Originally posted on The Great Energy Challenge

“There is nothing more tragic than to sleep through a revolution.”

The revolution Dr. King spoke of in his speech at the National Cathedral in 1968 was one of the most transformative of the 20th Century – the painful transition from a racially divided America to an America stitched together, however roughly. But the sentiment holds true for every revolution.

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Today, there’s another revolution underway – a revolution that is restructuring America’s energy future. It’s changing the way we work and live. In this time of rapid change, all those caught sleeping, or even hitting the snooze button, will be left behind.

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As we get ready to celebrate Dr. King’s birthday, life and legacy, it is not enough for us to reflect on the past. We must look forward and take action, we must be deliberate in shaping this revolution – because Dr. King’s work remains unfinished.

Today, there is still a great need to lift communities out of poverty and into productivity. The unemployment rate is still significantly higher in the Hispanic and African American communities. And low-income and minority communities are disproportionately more likely to breathe in polluted air, drink dirty water and suffer from asthma. As long as these disparities exist, our nation cannot fulfill its full promise as a land of opportunity and equality. And as long as these problems exist for any American, the revolution is not complete.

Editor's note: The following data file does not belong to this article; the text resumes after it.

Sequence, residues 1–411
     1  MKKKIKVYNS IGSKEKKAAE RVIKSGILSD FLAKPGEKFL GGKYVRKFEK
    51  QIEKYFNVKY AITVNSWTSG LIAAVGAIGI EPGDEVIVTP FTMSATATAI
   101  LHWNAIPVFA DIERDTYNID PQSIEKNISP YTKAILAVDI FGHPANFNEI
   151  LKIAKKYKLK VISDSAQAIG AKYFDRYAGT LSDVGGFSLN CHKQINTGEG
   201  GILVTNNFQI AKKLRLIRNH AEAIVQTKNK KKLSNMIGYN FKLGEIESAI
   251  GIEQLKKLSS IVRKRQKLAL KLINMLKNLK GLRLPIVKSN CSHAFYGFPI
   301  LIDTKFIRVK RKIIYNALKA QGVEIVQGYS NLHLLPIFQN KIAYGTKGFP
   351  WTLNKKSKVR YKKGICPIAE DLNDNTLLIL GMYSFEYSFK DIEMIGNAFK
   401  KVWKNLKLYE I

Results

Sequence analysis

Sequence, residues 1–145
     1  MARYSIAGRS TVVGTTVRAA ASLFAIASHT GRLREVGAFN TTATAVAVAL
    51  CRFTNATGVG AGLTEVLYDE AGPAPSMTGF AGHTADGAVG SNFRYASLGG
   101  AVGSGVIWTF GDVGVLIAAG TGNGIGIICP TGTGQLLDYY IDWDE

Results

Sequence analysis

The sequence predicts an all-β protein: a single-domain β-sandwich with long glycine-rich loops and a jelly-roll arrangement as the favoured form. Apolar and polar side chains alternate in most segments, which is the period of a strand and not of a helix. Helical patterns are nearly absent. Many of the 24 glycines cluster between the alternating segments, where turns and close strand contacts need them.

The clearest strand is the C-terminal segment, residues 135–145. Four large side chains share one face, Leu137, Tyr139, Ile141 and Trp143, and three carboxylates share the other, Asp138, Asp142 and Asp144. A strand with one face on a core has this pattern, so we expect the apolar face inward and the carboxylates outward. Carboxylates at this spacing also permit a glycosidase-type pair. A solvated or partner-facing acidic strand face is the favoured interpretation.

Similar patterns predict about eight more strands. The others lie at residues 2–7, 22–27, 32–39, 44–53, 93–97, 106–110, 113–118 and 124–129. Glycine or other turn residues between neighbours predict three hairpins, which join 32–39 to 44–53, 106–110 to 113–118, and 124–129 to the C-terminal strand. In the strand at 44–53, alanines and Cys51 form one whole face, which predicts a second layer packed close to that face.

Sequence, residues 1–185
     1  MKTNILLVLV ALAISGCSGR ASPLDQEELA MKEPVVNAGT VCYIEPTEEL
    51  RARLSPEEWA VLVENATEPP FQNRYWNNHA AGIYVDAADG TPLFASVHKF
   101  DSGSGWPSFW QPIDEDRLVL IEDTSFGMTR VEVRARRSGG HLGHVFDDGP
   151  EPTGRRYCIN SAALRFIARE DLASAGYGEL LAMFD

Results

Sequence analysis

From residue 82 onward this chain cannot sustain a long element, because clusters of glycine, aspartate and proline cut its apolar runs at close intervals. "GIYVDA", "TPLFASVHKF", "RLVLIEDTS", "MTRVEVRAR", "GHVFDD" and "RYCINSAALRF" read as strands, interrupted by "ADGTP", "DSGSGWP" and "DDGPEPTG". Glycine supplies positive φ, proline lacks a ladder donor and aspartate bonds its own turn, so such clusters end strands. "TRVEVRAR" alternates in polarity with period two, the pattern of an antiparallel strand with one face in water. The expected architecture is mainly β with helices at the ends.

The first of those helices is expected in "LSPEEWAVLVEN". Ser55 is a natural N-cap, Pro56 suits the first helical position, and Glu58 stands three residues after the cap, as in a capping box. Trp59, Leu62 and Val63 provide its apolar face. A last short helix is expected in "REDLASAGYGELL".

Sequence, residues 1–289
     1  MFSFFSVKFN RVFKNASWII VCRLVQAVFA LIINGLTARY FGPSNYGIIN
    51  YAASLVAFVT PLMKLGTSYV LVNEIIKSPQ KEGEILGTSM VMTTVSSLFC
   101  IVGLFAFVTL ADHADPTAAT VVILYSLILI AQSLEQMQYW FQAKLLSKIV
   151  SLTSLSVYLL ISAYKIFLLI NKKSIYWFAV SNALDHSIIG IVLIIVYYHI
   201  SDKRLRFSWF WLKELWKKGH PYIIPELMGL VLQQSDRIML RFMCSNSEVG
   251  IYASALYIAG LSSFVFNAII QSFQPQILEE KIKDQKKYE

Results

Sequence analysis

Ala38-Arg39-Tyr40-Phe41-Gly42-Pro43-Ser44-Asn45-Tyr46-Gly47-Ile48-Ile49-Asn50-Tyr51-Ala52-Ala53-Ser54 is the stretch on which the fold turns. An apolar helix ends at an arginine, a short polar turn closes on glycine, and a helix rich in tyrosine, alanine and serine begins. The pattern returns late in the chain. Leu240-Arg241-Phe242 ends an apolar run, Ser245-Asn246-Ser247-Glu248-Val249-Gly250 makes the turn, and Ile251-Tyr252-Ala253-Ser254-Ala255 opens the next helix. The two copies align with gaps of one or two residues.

It is time for the nation to wake up and fight for a green economy that addresses the health and opportunity of all communities. It will take a collective effort to make this happen. Dr. King’s story teaches us that one man alone cannot achieve this kind of meaningful change. It takes a movement. He empowered others.

In this tradition, Green For All has established a number of educational initiatives to empower and engage community leaders across the country about the clean-energy economy. In 2008, we began the Green For All Fellowship which provides training programs focused on the green movement to talented and up-and-coming leaders. When the program concludes, these leaders take the skills they have acquired to make a difference in their own neighborhoods. So far, over 100 local leaders from communities of color and low-income communities have graduated and become Green For All Fellows. Block by block, they work diligently to bring new opportunities and sound environmental strategies to areas long ignored.

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Last year, we also launched the College Ambassador Program. Partnering with historically black colleges and universities, we aim to cultivate the next generation of green leaders. These students take part in expert trainings and lead by example, sharing a vision of a green future with their fellow students.

We view empowering others as necessary work. The transition to the green economy is inevitable because of decreasing supplies of natural resources, and increasing demand for environmentally sustainable products. Americans must now ask themselves if they want to be leaders of this movement or sleep while we fall behind the rest of the world.

For Green For All, the answer is clear: We need to get to work now. We have this unique opportunity to better our environment, while creating jobs that can help close the economic gap between communities. That is why these college students, our Green For All Fellows and all of those they engage are wide awake and ready to seize this opportunity. Following in Dr. King’s great tradition of selfless service, the rest of America should set their alarm clocks – and rouse those who are still sleeping.